Canada will reopen to fully vaccinated U.S. citizens and permanent residents starting Aug. 9.
“On August 9, 2021, at 12:01 a.m. EDT, fully vaccinated citizens and permanent residents of the United States (U.S.), currently residing in the U.S., will be permitted to enter Canada for discretionary (non-essential) travel,” Canada said in a statement.
A COVID-19 vaccination must be complete 14 days prior to entry at a land border crossing or airport.
Children under the age of 12 or who are not yet eligible for vaccination in the U.S. or unvaccinated dependent children will be allowed to enter the country with a fully vaccinated parent, step-parent, tutor or guardian who is eligible to enter Canada.
Entry to the country will be denied to U.S. travelers who are not fully vaccinated and all other foreign nationals.
On Sept. 7, Canada intends to allow fully vaccinated travelers from any country to enter “provided that Canada’s COVID-19 epidemiology remains favourable.”
Travelers who wish to enter must have a vaccine that is accepted by the government of Canada, which includes the Pfizer-BioNtech, Moderna, Johnson & Johnson and AstraZeneca/COVISHIELD vaccines, and they must be able to show proof of vaccine in English or French or with a certified translation in addition to the original copy.
There are additional requirements to enter Canada, including that travelers must:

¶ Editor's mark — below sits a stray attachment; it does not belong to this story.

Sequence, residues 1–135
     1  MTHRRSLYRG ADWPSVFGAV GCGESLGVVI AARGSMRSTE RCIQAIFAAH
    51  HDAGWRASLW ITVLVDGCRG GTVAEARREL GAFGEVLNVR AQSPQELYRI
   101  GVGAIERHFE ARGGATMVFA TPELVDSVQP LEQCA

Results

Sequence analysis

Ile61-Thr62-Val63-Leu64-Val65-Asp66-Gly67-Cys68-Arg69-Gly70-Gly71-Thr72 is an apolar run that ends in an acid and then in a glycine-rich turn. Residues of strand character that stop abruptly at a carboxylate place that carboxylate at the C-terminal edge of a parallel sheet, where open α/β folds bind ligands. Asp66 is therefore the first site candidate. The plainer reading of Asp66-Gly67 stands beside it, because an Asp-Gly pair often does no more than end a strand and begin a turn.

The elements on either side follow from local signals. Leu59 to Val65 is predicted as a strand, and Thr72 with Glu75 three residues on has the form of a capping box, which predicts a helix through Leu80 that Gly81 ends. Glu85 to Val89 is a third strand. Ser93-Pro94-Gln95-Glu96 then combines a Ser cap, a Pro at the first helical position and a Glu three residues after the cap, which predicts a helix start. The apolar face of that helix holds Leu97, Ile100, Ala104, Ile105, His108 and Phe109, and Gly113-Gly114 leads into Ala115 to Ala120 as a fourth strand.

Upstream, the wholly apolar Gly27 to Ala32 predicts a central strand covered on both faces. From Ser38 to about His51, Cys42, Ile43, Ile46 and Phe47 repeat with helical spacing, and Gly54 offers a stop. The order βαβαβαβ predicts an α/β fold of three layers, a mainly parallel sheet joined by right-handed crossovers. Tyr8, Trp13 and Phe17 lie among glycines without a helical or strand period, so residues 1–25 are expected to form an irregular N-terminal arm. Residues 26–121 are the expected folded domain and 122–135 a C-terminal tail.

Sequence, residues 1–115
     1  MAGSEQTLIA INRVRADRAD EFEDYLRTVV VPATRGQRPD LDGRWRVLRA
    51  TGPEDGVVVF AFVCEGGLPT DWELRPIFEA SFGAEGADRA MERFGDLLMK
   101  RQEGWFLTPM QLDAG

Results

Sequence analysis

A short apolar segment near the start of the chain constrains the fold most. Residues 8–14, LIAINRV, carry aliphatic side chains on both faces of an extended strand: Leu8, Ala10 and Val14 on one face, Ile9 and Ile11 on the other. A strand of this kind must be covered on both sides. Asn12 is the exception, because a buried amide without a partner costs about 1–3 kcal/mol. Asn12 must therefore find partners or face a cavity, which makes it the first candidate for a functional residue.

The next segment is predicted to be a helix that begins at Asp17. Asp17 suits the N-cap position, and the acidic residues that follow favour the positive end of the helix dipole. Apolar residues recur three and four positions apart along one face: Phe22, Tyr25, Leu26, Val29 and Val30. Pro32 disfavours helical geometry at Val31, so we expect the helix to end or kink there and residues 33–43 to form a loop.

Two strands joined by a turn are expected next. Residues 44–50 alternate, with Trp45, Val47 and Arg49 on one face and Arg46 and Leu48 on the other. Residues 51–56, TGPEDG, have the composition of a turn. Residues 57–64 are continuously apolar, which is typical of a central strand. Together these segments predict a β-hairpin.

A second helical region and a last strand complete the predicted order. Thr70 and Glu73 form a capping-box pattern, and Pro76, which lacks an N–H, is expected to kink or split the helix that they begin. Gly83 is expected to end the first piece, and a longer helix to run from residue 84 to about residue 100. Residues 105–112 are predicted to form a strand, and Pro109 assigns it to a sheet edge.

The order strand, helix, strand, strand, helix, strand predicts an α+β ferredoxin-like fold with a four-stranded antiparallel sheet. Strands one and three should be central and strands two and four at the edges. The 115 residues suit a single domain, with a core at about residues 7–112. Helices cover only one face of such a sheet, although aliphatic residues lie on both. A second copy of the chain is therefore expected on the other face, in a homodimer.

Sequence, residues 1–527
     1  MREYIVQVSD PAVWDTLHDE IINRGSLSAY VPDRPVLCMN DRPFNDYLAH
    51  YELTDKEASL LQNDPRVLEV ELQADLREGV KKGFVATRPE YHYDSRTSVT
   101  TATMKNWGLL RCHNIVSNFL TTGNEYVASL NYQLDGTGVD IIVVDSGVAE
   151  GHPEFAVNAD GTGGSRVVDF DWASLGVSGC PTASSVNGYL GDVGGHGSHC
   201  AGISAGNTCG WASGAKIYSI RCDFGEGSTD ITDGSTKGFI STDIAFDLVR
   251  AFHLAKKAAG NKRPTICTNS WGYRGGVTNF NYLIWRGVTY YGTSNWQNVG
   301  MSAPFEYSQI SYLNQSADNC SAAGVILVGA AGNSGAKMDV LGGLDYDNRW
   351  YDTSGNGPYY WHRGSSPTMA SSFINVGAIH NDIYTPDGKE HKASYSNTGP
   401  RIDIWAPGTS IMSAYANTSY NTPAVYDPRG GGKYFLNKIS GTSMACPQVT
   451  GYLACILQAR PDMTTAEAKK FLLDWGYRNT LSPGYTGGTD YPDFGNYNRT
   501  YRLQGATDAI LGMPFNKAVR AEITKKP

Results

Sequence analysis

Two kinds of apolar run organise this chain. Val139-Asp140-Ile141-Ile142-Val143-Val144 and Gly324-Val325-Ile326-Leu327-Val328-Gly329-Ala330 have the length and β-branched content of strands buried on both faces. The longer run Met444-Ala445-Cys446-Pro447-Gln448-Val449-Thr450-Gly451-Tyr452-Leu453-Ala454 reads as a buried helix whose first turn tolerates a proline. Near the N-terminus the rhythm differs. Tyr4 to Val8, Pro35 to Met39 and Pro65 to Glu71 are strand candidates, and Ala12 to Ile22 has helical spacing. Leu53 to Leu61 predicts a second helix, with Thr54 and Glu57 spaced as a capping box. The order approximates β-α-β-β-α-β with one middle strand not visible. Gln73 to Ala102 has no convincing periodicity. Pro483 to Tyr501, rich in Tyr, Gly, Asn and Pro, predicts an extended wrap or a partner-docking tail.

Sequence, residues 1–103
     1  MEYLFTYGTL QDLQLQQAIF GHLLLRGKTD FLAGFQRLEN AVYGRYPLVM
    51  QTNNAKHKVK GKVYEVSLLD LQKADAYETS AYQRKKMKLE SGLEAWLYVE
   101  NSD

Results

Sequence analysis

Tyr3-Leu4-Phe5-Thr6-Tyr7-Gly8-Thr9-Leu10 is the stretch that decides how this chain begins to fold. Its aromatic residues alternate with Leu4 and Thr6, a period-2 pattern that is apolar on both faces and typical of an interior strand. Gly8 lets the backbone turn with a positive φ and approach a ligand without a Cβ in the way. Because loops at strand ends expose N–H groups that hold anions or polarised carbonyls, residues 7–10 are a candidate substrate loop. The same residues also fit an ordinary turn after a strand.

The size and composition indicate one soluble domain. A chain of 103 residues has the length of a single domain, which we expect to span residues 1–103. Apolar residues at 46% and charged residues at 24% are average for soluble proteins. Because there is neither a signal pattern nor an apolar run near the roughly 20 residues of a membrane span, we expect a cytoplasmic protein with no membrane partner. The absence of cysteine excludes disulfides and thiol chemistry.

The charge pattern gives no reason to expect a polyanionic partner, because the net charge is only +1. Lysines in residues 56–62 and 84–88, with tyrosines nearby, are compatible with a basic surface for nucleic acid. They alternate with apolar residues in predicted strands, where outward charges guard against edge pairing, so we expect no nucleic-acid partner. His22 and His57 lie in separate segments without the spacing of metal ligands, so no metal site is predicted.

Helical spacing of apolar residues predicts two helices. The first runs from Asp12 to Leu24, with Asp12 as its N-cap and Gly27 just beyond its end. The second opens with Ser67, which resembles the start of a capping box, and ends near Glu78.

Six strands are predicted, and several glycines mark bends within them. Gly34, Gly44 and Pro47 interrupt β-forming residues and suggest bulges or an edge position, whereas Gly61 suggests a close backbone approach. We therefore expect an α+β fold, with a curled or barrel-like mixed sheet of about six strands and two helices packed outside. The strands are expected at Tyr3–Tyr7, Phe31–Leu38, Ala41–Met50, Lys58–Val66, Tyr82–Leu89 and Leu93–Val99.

- Provide COVID-19 related information such as proof of vaccine through ArriveCAN’s app or web portal before departing for Canada
- Meet pre-entry testing requirements
- Be asymptomatic when arriving
- Submit a quarantine plan
- Be ready to quarantine if necessary
On Aug. 9, the government will also implement other COVID-19 travel-related changes. For domestic and international flights, airlines will no longer be required to take the temperature of boarding passengers, and the required three-night, government subsidized hotel stays for travelers arriving by air will be eliminated, too. A quarantine requirement for children under 12 will also be removed.
Last week, Prime Minister Justin Trudeau indicated that fully vaccinated U.S. citizens and permanent residents could gain access to entry in mid-August for nonessential travel, according to a statement from his office.
The country also just announced plans to open its waters to cruise ships starting Nov. 1.
Land border restrictions on nonessential travel between Canada and the U.S. have been in place since March 2020, and in June were extended through July 21.
Public Safety Minister Bill Blair, who said he spoke with U.S. Homeland Security Secretary Alejandro Mayorkas on Friday, said the U.S. has not yet indicated any plan to change current restrictions at the land border. Canadians are able to fly into the United States with a negative COVID-19 test.
Asked in Washington if the U.S. would reciprocate, White House press secretary Jen Psaki said, “We are continuing to review our travel restrictions. Any decisions about resuming travel will be guided by our public health and medical experts. … I wouldn’t look at it through a reciprocal intention.”
Contributing: Bailey Schulz, USA TODAY; Associated Press